The outdoor events calendar keeps on growing:

5Ks and 10Ks, duathlons and triathlons, orienteering and parkour, cyclocross and fell-running, the list gets longer every year. Most events have evolved from simple pursuits like walking, running or cycling and reflect a desire to keep exercise fresh and exciting.

One of the latest is night running. Going out at night requires more concentration, both to keep on the right track and to avoid hazards. Walking, running and cycling at night are skills worth having since so much of the day is spent in darkness during winter, so the development of night time events shows a desire on the part of runners and cyclists to keep active all year.

Loading article content

First up on the calendar is a 10K trail run in Dalkeith Country Estate, south of Edinburgh, on February 26. Runners will require head torches for the race, which starts at 7.30pm, two hours after sunset. Some of last year's runners got a tad muddy, so be prepared.

A fortnight later, on March 15, there's The Mighty Deerstalker, a nocturnal 10K obstacle course starting from Traquair House (pictured), Innerleithen, and incorporating natural and man-made obstacles as well as splash zones. Tweed is the theme, with runners encouraged to dress like Downton Abbey's Lord Grantham on a shooting party.

June is a big month for nocturnal events. It's the month of the Moonwalk, a night-time power walk to raise money for breast cancer care and support, which is in its ninth year and will be starting at Inverleith Park, Edinburgh, on June 7. This year, as well as wearing a bra (the Moonwalk motif), walkers are encouraged to dress as their favourite superheroes. There are four distances to choose from, ranging from 6.55 miles to 52.4 miles.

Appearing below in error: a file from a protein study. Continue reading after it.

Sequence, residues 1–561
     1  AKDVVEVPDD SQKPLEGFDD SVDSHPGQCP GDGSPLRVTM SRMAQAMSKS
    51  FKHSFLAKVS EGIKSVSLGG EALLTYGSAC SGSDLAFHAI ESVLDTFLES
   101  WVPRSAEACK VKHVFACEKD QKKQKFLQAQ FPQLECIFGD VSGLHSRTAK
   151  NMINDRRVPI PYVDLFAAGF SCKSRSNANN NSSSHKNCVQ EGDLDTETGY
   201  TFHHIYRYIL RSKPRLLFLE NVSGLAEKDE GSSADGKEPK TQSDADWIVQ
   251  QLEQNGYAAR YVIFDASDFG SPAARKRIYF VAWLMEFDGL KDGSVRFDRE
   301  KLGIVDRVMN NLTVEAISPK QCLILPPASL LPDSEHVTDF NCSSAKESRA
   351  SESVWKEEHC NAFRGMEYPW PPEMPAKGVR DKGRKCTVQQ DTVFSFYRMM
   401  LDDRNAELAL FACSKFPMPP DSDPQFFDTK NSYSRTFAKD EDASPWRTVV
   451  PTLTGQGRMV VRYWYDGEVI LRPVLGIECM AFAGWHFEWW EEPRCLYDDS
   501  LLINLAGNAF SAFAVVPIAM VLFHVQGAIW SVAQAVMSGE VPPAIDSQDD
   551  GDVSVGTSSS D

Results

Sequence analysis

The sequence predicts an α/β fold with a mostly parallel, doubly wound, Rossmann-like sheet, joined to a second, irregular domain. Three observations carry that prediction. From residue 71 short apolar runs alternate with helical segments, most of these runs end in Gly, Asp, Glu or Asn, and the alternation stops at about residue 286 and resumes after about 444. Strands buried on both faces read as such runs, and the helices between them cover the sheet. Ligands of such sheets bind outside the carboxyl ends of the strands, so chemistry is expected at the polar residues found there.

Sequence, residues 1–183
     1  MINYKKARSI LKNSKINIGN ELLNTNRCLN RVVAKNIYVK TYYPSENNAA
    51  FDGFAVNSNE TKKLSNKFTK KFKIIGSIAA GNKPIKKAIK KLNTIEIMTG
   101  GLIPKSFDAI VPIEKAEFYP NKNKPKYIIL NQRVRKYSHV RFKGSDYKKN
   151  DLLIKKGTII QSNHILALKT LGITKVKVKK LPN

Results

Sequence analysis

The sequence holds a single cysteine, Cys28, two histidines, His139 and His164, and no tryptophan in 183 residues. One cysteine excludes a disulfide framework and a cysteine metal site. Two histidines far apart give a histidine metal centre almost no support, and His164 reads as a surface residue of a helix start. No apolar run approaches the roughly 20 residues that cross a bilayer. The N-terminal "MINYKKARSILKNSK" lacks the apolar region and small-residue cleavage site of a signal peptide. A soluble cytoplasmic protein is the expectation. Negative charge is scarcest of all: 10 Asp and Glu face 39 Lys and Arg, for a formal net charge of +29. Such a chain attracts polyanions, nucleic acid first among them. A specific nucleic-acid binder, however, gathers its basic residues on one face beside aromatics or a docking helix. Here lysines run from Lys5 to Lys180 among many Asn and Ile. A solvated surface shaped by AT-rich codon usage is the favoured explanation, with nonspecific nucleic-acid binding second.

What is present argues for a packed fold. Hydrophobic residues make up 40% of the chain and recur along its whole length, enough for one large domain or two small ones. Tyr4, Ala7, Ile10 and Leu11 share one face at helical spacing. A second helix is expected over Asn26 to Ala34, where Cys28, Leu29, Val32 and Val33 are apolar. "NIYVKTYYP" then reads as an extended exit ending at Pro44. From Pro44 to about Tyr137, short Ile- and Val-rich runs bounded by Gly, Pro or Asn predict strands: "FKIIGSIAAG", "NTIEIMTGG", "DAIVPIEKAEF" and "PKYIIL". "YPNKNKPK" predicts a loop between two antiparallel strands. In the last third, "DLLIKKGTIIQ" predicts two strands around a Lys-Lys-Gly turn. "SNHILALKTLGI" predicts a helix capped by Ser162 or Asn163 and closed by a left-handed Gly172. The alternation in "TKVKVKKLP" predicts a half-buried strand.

If cycling is more your thing you could try the Edinburgh Night Ride, a 50-mile charity cycle through the city's streets, with breaks for drinks and snacks en route. It takes place on June 21, starting at 11pm.

The Caledonian Challenge on June 14 and June 15 is a 54-mile walk along the West Highland Way, completed over 24 hours, with a vertical elevation equivalent to climbing Ben Nevis twice. Teams raise money for charities through Foundation Scotland. If you just like walking but don't see yourself as the next Ben Fogle, then Marie Curie Cancer Care is running a series of 10K summer twilight walks for the family, in Dalkeith Country Park again on July 26, Pollok Country Park on August 16 and Glamis Castle on September 6. Stay for a picnic and live music, starting at 10pm, when Marie Curie nurses typically begin their shifts.

Visit (the Dalkeith Country Park 10K),,,, and